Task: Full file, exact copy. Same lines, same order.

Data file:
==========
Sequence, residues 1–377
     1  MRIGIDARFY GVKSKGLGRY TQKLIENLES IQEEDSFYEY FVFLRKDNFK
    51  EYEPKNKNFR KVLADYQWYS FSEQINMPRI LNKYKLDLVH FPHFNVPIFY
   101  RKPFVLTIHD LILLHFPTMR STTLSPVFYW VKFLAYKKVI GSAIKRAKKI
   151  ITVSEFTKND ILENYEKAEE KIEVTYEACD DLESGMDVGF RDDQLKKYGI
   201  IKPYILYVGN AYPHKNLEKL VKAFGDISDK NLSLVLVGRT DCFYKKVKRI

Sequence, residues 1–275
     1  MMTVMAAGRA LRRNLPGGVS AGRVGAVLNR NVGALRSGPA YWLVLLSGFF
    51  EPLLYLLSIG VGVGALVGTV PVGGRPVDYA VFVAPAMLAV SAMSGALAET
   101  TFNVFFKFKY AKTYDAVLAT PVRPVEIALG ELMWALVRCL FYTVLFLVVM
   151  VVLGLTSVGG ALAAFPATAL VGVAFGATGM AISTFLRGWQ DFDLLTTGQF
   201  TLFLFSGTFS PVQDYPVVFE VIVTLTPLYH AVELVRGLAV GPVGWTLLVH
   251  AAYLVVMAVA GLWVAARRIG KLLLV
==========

Sequence, residues 1–377
     1  MRIGIDARFY GVKSKGLGRY TQKLIENLES IQEEDSFYEY FVFLRKDNFK
    51  EYEPKNKNFR KVLADYQWYS FSEQINMPRI LNKYKLDLVH FPHFNVPIFY
   101  RKPFVLTIHD LILLHFPTMR STTLSPVFYW VKFLAYKKVI GSAIKRAKKI
   151  ITVSEFTKND ILENYEKAEE KIEVTYEACD DLESGMDVGF RDDQLKKYGI
   201  IKPYILYVGN AYPHKNLEKL VKAFGDISDK NLSLVLVGRT DCFYKKVKRI

Sequence, residues 1–275
     1  MMTVMAAGRA LRRNLPGGVS AGRVGAVLNR NVGALRSGPA YWLVLLSGFF
    51  EPLLYLLSIG VGVGALVGTV PVGGRPVDYA VFVAPAMLAV SAMSGALAET
   101  TFNVFFKFKY AKTYDAVLAT PVRPVEIALG ELMWALVRCL FYTVLFLVVM
   151  VVLGLTSVGG ALAAFPATAL VGVAFGATGM AISTFLRGWQ DFDLLTTGQF
   201  TLFLFSGTFS PVQDYPVVFE VIVTLTPLYH AVELVRGLAV GPVGWTLLVH
   251  AAYLVVMAVA GLWVAARRIG KLLLV